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Bookmark: Summer Reads 

Thomas L. Friedman's new release, "Hot, Flat and Crowded: Why We Need a Green Revolution -- and How It Can Renew America," should equal its predecessor "The World Is Flat" in popularity, according to the buzz at BookExpo America. Friedman's latest work promoting his "green-ism" theory, though a late entry in the race, should be the best-selling nonfiction book this summer. Fiction buffs should push James Patterson's "Sail," about family relationships afloat, into a similar position before the end of June.

Journalist Andrew Ward ("River Run Red," 2005) turns the Civil War on its side in "The Slaves' War: The Civil War in the Words of Former Slaves." By investigating ex-slave interviews, oral histories, letters and personal accounts, Ward produces a fresh portrait of the Civil War.

Likewise, David Boyle ("The Troubadour's Song," 2005) re-examines the discovery of North America in "Toward the Setting Sun: Cabot, Columbus, Vespucci, and the Race for America." Boyle re-creates the age of exploration through searing portraits of the three profiteers.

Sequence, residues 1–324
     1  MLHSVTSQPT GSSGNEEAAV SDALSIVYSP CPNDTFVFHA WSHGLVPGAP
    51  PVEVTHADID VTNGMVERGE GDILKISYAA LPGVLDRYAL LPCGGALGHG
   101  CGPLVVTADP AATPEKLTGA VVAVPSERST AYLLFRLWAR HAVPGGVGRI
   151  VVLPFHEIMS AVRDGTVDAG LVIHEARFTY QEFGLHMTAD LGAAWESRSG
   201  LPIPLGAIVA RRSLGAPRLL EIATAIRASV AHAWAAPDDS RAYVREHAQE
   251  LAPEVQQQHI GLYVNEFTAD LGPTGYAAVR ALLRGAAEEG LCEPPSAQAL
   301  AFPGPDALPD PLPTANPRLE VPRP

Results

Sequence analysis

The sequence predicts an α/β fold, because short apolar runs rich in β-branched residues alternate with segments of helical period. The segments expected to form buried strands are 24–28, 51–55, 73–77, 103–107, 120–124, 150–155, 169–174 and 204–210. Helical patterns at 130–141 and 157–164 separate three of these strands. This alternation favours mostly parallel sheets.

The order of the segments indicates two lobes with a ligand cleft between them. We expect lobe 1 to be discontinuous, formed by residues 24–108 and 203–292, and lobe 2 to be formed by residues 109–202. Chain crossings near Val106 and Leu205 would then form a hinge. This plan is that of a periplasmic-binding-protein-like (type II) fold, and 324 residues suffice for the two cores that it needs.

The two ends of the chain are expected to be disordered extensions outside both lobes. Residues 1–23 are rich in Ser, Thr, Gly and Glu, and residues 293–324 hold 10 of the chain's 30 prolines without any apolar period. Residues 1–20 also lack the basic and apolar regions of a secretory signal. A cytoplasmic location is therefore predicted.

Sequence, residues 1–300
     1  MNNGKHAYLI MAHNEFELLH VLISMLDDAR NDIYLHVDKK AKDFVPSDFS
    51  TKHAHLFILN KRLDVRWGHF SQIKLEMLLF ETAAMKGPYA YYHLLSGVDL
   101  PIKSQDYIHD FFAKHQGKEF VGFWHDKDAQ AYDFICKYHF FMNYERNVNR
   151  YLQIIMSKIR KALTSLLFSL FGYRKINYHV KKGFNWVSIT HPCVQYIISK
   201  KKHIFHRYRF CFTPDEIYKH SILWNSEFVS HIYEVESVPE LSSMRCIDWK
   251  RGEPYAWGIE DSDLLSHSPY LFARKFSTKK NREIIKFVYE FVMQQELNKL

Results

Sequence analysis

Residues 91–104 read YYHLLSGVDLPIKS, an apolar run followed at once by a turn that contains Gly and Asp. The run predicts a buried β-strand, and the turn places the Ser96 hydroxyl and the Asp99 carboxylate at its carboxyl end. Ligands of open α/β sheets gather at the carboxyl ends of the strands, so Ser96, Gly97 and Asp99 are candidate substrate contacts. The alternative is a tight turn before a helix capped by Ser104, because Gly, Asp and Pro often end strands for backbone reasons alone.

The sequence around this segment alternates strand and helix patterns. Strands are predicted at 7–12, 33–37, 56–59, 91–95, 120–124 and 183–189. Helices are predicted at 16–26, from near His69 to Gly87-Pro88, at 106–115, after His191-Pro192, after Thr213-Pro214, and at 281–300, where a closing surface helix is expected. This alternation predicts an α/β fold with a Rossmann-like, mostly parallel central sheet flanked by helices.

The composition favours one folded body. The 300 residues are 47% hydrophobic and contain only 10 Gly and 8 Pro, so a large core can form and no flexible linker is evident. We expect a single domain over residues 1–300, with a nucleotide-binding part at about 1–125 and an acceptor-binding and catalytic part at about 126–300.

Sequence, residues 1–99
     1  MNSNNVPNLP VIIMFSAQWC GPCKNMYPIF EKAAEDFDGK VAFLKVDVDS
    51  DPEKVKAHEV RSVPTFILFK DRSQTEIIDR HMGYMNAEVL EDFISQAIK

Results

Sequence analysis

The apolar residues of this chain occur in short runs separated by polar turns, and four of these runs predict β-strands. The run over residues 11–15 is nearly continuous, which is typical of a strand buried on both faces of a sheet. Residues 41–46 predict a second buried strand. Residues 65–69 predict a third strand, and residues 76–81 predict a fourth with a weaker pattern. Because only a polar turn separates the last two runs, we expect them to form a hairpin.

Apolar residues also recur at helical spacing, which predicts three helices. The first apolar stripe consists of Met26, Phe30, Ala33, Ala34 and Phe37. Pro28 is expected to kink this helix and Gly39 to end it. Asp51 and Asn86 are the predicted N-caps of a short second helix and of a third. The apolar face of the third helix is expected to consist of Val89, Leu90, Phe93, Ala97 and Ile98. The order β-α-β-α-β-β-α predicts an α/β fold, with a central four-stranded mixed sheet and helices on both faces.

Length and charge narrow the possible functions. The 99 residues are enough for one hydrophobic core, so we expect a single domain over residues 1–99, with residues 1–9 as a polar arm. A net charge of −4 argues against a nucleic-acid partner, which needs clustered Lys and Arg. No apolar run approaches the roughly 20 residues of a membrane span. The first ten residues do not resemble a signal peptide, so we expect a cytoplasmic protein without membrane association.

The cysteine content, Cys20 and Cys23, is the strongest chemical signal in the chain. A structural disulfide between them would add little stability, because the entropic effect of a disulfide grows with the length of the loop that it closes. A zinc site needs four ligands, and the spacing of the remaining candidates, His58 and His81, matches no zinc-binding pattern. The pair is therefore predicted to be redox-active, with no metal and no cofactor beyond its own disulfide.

AŸ?sA,ÿLiving up to his previous novel's high standards, Andre Dubus III ("House of Sand and Fog," 1999) pens "The Garden of Last Days." After her baby sitter cancels, April takes her 3-year-old to work at a stripper club. Dubus' strong characterizations, the story's rapid-fire pace and prevailing sense that all is not well with the world make this title hard to put down.
In an election year, unusual political novels with current themes take up beach chairs. "House Rules" by Mike Lawson ("The Second Perimeter," 2006) reaches out to political junkies who veer to the left as protagonist Joe DeMarco returns to Washington, D.C., to investigate a Muslim plot that may prove home-grown. Lawson's characters come right out of an insider's guide in this laid-back thriller.

Once again, David Guterson ("Our Lady of the Forest," 2003) writes of nature and isolation in "The Other." Well-heeled John William Barry abandons Seattle to live in a Pacific Northwest forest, telling just his one friend of his plans. Not since "Snow Falling on Cedars" has Guterson attempted such a unique voice.
Ready the sunglasses.A,ÿ
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